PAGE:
NEW YORK (CNNfn) - Don Rogers has heard all the noise. He knows the odds of succeeding at day trading, his new career of choice, are slim. He doesn't have much money to risk, maybe $50,000.
And he saw firsthand what happened last month when Mark Barton, a fellow day trader, walked into the same trading room in Atlanta and started shooting three feet away from him, part of a spree that left 13 people, including Barton dead.
The violence alone would be enough to dissuade a lot of people. But, Rogers, 60, is determined to forge ahead.
"Listen, we're entrepreneurs. And entrepreneurs are used to long odds," Rogers said. "We're used to people telling us we can't do it."
So the Greenville, S.C., resident, who has made a living restoring antique log buildings for the last 20 years, has flown to upstate New Jersey for a day-trading class at All-Tech Investment Group Inc.'s no-frills, office-park headquarters.
Barton, a disgruntled day trader, killed nine people in All-Tech's Atlanta office and a Momentum Securities branch nearby in July before turning the gun on himself. Later, police discovered he killed his wife and two children before setting out on his deadly rampage.
Other stories in CNNfn.com's special report on day trading include:
Markets eye day traders warily
'Day Trading 101'
The day of a day trader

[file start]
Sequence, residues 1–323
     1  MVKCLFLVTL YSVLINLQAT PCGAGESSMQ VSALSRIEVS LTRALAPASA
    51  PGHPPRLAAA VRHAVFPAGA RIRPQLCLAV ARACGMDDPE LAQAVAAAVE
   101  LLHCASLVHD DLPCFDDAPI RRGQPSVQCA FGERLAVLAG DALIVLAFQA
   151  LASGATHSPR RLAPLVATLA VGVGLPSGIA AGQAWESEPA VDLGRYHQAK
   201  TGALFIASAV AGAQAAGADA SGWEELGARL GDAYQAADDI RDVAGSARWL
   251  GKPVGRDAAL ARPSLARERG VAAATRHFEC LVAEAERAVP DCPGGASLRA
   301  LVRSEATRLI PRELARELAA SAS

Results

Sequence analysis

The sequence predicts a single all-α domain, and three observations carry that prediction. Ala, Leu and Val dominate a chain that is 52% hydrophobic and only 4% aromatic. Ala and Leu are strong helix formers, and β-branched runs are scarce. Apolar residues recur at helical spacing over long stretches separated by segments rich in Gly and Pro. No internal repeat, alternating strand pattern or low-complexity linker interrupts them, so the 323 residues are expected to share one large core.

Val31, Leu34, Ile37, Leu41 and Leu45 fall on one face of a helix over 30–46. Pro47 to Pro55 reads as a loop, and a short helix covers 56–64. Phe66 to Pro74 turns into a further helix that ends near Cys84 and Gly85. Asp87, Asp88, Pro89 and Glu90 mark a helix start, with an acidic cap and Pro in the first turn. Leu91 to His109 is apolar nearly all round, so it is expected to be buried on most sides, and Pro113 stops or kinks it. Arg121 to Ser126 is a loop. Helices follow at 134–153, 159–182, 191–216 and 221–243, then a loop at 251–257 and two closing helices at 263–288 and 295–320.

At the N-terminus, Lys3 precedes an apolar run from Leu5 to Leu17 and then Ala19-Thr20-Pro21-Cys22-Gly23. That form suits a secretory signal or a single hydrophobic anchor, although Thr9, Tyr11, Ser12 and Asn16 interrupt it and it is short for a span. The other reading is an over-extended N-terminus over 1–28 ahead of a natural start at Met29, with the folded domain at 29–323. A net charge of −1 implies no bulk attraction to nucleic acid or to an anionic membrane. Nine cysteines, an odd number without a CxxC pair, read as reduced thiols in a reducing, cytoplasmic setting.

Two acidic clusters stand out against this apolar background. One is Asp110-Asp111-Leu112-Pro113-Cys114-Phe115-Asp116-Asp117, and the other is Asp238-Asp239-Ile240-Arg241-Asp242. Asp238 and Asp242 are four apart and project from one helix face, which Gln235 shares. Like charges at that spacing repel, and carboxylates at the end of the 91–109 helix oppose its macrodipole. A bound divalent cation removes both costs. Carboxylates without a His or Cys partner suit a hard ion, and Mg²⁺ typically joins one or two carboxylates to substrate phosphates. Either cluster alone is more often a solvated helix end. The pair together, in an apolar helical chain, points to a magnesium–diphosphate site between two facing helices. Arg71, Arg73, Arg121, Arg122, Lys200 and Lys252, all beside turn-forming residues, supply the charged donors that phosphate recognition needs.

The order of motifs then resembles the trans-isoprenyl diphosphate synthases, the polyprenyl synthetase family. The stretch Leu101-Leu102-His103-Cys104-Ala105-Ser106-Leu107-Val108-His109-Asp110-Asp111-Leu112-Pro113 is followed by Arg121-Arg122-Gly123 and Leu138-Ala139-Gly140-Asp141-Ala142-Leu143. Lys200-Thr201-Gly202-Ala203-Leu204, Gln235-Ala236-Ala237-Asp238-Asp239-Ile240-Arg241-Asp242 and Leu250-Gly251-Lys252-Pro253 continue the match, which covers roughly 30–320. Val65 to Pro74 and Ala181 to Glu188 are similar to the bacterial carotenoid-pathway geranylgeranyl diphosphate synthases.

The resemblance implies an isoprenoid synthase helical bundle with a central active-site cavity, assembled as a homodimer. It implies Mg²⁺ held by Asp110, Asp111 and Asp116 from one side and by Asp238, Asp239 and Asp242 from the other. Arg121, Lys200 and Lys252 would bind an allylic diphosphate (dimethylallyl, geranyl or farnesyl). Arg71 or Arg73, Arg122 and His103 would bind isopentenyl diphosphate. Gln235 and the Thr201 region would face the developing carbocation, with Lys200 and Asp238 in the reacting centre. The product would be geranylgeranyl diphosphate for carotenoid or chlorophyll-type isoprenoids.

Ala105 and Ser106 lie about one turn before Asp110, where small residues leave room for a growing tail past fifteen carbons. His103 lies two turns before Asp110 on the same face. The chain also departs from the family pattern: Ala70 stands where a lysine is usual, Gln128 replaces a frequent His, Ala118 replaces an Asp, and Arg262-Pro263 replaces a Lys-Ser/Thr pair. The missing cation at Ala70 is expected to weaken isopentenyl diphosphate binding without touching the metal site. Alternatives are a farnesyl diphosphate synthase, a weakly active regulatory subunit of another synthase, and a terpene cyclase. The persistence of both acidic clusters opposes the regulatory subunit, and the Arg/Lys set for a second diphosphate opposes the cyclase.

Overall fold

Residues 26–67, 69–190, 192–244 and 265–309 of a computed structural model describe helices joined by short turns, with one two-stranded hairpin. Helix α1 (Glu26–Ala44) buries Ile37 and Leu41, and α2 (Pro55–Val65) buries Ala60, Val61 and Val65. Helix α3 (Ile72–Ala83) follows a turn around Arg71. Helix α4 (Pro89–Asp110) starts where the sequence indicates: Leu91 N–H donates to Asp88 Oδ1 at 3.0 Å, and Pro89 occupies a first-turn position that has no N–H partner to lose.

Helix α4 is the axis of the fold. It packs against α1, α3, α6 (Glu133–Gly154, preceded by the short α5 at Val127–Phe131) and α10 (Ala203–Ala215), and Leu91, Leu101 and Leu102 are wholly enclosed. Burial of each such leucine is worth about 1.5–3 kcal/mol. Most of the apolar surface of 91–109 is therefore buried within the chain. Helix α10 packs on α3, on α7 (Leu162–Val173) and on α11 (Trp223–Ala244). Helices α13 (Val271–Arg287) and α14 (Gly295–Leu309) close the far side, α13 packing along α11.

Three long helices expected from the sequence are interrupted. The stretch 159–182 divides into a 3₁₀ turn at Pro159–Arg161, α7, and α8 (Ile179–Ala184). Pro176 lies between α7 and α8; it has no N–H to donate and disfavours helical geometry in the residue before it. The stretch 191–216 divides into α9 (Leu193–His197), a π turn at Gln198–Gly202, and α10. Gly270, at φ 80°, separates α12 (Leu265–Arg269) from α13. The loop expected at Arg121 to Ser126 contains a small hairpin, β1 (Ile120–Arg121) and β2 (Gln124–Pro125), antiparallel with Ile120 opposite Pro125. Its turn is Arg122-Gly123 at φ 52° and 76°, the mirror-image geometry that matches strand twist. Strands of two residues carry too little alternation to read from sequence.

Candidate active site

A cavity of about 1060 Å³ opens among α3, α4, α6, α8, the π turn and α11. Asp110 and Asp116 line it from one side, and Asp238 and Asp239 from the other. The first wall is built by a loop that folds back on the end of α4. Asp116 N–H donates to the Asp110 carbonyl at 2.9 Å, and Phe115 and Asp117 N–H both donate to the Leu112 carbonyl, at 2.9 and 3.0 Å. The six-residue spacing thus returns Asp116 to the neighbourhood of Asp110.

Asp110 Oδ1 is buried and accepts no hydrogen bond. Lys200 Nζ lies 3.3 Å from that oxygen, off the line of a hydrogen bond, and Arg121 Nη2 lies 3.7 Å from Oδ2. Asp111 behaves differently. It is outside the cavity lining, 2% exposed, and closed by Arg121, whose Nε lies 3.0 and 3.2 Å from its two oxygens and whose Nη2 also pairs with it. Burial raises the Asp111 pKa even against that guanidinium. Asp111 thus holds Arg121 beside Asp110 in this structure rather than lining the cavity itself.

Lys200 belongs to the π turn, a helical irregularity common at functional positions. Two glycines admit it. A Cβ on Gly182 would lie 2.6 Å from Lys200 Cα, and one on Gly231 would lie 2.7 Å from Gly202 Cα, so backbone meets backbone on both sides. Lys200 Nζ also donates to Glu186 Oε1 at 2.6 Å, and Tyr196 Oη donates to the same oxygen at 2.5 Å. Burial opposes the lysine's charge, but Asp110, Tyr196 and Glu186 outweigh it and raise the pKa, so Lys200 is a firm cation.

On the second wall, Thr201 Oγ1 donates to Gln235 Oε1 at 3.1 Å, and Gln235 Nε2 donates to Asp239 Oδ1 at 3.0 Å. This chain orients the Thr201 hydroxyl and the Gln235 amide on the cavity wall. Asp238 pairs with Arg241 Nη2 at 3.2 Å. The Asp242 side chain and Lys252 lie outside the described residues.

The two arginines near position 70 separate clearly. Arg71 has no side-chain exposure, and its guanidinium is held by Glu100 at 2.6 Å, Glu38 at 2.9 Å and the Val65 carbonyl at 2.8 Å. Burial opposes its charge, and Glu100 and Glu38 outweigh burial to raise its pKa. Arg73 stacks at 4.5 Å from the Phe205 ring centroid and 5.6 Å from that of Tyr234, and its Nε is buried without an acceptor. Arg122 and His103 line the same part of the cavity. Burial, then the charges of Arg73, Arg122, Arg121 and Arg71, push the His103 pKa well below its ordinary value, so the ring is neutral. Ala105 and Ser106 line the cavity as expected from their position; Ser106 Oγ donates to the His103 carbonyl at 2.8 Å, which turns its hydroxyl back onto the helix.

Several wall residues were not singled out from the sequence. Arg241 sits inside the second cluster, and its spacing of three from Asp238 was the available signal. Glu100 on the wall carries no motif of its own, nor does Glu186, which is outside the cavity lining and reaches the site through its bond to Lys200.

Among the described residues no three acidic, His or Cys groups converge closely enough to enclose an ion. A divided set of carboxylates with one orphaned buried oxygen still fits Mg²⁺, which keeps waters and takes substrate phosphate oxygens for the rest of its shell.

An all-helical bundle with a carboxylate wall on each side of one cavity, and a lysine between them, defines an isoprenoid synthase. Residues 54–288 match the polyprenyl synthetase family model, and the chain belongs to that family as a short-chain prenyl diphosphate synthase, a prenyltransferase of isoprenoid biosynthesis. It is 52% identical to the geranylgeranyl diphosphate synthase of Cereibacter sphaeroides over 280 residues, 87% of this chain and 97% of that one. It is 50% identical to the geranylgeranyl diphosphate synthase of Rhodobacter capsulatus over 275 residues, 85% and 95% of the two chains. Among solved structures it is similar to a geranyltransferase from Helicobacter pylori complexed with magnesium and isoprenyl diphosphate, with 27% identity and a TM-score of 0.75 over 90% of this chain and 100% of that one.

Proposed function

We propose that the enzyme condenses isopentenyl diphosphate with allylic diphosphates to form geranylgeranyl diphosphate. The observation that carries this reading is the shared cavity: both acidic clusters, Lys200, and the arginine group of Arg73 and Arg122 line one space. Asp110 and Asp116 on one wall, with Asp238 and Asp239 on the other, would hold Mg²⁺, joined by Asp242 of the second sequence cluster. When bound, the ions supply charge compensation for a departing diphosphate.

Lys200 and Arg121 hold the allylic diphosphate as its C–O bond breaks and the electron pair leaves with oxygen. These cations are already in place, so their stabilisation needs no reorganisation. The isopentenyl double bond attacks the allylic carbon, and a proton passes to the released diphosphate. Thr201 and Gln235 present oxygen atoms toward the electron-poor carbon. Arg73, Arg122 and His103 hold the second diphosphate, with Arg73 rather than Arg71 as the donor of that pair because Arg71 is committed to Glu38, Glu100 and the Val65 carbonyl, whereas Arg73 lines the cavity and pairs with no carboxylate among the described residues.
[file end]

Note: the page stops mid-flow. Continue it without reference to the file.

What the regulators say
The shooting left Rogers shaken and even prompted him to question whether he wanted to take the All-Tech class. But in mid-August, he showed up anyway to spend the next four weeks staring at a classroom board and computer screens.
He's casual and laid-back in a blue denim shirt and jeans, and he's disarmingly honest about his prospects. "I may never trade a share, but I'm going to spend $5,000 to find out," he said of the course he's taking to learn how to trade.
The last frontier or a roll of the dice?
For many people, day trading resembles the last frontier on Wall Street, sort of a wild west environment where there's a lot of risk and a lot of rewards for those who know how to play the game.
But for others, day trading is nothing more than legalized gambling.
Critics claim many day-trading companies lead unsophisticated college graduates, retirees and people looking for a change, like Rogers, astray. They promise easy profits, the critics insist, tempting their customers to gamble away their life savings.
Arthur Levitt, Wall Street's "top cop" has been one of the most vocal critics of day traders.
"I don't think day traders are speculating, because traditional speculation requires some market knowledge, the chairman of the Securities and Exchange Commission said in a May speech,. "They are instead gambling, which doesn't."
Other regulators offer a similar view.
"It remains to be seen if day trading is a viable industry," said Texas Securities Commissioner Denise Voigt Crawford. Her staff has reviewed the books of all the day trading companies in her state, "just about every firm we went into had problems." Advertising is deceptive, she said, no one checks to see if customers can afford to lose the money they almost surely will, and margin rules are bent in questionable loans.
But traders think they're pursuing the American dream. They say they're empowered by the leveling force of technology to compete one-on-one with the market maker brokerages. Rogers, the day trading trainee, feels he's Everyman fighting back in a war against the Wall Street, big-brokerage establishment.
"What's going on here is a big war. You talk about a David vs. Goliath, that's what we've got."
Day trading vs. online trading